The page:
House and Senate Democrats Look to Legislation as Supreme Court Deliberates DACA

November 12, 2019 Updated: November 12, 2019

The Supreme Court is deliberating on the DACA case as the Trump administration calls for an end to the program and Democrats in Congress call for protection for the thousands of undocumented immigrants who arrived in the United States as children.

The Democrats have said that no matter what decision the Supreme Court passes on DACA, they will continue to fight for the right of undocumented immigrants to stay in the United States and have a pathway to citizenship.

Speaker of the House Nancy Pelosi wrote on Twitter, “Dreamers make America more American. House and Senate Democrats come together to all on Leader McConnell to #ProtectTheDream and pass H.R. 6, the American Dream and Promise Act.”

Jerry Nadler (D-N.Y.) said of DACA, “Regardless of how the Supreme Court rules, Dreamers need and deserve permanent protection. They are American in every way except a piece of paper, which is why I strongly urge the Senate to take up the American Dream and Promise Act.”

The House and Senate Democrats, including Congressional Hispanic Caucus Chair Joaquin Castro, Senate Democratic Leader Chuck Schumer, House Speaker Nancy Pelosi, and Members of the Congressional Hispanic Caucus, joined plaintiffs in the DACA case at a press conference at the Capitol to call on the Trump Administration to reverse their termination of DACA. They also called on the Republican-controlled Senate to pass H.R. 6, the Dream and Promise Act.

American Dream and Promise Act of 2019 was passed in the House in June, and if it made a law “cancels and prohibits removal proceedings against certain aliens and provides such aliens with a path toward permanent resident status.”

“The Department of Homeland Security (DHS) or the Department of Justice (DOJ) shall cancel removal proceedings against certain aliens who entered the United States as minors and grant such aliens conditional permanent residence status for 10 years. The bill imposes various qualification requirements, such as the alien being continuously physically present in the United States and being enrolled in or having completed certain educational programs.”

Nancy Pelosi, while speaking at a press conference on Tuesday, urged the Supreme Court to vote in favor of the DREAMers: “On this day that should be a very hopeful one for our country. The Supreme Court of the United States will make a decision to either cause pain or find a solution by upholding what we think is the right thing to do.”

“Just to put it in perspective, President Reagan … when he was president, after the Congress passed the comprehensive immigration bill of 1986, he said to Congress, ‘you didn’t go far enough’ and he instituted family fairness, which protected a higher percentage of people and newcomers to our country than the President Obama’s DACA order,” she continued.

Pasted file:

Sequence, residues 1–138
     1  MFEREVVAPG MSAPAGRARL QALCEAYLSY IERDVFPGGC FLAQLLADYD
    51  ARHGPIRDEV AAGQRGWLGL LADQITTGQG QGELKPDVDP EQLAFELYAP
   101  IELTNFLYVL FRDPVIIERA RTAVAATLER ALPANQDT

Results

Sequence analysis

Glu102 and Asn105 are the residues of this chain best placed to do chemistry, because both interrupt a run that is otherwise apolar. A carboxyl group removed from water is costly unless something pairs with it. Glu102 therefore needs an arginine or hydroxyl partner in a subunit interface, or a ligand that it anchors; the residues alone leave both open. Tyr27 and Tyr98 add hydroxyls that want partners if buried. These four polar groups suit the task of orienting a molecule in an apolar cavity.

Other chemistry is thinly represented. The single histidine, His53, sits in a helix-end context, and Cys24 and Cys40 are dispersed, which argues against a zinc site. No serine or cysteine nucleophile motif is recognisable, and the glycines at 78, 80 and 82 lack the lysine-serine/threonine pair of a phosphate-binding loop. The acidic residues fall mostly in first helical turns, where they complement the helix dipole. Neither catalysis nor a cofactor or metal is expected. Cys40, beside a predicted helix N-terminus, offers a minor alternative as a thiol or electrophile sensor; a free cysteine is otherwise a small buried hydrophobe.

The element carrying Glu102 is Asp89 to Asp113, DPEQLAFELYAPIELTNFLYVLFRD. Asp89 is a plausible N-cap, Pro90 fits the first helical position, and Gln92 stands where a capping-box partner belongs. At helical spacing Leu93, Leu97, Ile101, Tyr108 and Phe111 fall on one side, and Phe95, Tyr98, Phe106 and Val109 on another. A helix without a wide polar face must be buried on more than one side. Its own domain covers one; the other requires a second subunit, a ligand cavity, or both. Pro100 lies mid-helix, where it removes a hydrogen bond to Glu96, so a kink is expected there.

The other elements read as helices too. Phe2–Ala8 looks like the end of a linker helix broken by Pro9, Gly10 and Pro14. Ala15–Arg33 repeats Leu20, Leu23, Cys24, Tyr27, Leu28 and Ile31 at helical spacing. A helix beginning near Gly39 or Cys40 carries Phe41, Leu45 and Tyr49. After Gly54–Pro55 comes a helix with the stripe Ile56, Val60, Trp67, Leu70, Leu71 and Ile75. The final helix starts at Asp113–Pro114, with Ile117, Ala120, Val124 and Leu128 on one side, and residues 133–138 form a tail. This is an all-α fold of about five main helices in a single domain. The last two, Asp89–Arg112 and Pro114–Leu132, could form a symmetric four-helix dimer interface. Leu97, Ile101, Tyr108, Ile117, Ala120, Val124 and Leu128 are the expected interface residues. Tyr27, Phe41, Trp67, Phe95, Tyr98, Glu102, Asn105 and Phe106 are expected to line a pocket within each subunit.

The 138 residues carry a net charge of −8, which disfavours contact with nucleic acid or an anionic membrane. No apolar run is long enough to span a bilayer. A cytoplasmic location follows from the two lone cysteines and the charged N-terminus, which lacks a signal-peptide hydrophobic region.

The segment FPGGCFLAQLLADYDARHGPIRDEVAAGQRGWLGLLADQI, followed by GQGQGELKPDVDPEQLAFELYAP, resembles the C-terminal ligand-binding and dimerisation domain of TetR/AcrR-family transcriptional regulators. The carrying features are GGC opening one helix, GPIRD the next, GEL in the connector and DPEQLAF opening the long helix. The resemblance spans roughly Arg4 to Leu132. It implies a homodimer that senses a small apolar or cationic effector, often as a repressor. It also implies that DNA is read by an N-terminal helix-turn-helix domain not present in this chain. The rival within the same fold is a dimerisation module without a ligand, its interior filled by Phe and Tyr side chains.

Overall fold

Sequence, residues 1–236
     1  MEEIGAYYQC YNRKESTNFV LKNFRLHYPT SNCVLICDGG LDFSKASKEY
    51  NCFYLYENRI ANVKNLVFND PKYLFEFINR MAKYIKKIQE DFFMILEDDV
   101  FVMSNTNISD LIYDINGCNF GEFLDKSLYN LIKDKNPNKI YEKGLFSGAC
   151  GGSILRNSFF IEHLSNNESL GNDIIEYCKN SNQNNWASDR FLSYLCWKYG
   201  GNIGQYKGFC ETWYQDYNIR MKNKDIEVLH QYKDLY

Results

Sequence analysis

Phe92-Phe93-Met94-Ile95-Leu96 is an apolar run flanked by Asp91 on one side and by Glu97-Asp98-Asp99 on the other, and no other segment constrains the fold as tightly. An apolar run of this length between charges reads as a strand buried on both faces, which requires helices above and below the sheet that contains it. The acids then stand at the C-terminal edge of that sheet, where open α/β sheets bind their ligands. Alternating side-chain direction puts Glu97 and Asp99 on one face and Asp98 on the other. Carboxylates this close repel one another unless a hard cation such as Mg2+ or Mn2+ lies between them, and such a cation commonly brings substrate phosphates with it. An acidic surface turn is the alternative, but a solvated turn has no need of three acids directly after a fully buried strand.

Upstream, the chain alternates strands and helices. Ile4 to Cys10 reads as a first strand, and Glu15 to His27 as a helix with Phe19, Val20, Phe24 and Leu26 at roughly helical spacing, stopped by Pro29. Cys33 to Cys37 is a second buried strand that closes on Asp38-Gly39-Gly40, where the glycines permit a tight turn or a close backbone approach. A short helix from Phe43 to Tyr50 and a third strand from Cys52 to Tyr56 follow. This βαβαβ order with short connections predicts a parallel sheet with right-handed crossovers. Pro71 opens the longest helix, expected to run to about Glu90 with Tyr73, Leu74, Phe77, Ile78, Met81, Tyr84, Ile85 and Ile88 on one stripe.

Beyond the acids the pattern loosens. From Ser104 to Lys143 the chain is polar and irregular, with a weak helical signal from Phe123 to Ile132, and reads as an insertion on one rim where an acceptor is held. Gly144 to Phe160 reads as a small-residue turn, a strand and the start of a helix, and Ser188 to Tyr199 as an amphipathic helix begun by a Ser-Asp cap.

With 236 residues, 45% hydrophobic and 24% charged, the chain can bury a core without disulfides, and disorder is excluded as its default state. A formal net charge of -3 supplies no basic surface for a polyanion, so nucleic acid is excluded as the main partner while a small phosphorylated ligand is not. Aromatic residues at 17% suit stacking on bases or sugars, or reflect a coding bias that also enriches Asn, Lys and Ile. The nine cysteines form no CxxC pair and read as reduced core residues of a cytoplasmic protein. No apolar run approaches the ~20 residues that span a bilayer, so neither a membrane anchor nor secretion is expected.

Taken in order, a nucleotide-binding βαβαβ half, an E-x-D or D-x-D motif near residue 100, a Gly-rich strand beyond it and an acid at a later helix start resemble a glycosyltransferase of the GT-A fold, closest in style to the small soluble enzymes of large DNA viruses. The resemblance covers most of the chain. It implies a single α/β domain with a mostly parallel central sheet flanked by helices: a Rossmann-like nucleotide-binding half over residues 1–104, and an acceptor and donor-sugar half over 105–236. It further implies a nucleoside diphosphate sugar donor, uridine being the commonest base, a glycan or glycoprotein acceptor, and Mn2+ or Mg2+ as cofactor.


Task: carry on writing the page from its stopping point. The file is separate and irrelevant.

“We urge the court to support the lower court’s decisions on this. We urged the court to do that and as Justice Sotomayor talked about this morning about how much pain would they cause and the lives of hundreds of thousands of people in our country. This is an important day and we hope and pray that the courts will do the right thing, the all-American thing.”

She then invited all of her fellow Democrats to walk with her to deliver H.R. 6 to Senate Majority leader Mitch McConnell.

“We are going over to the senate. I invite my colleagues to join me as we go over to the senate to bring our Leader McConnell H.R. 6 which of course is a remedy for our dreamers and are temporary protected status newcomers to relatively newcomers to our country.”

President Trump wrote on Twitter on Nov. 12, “Many of the people in DACA, no longer very young, are far from ‘angels.’ Some are very tough, hardened criminals. President Obama said he had no legal right to sign order, but would anyway. If Supreme Court remedies with overturn, a deal will be made with Dems for them to stay!”

The court ruling will reportedly affect about 700,000 immigrants, mainly from Mexico and Central America.

Trump previously attempted to rescind the program just months after he took office, but the lower courts blocked his action, leading to the current Supreme Court battle. Those courts said that Trump’s move to rescind DACA was possibly “arbitrary and capricious” and violated a U.S. law known as the Administrative Procedure Act.

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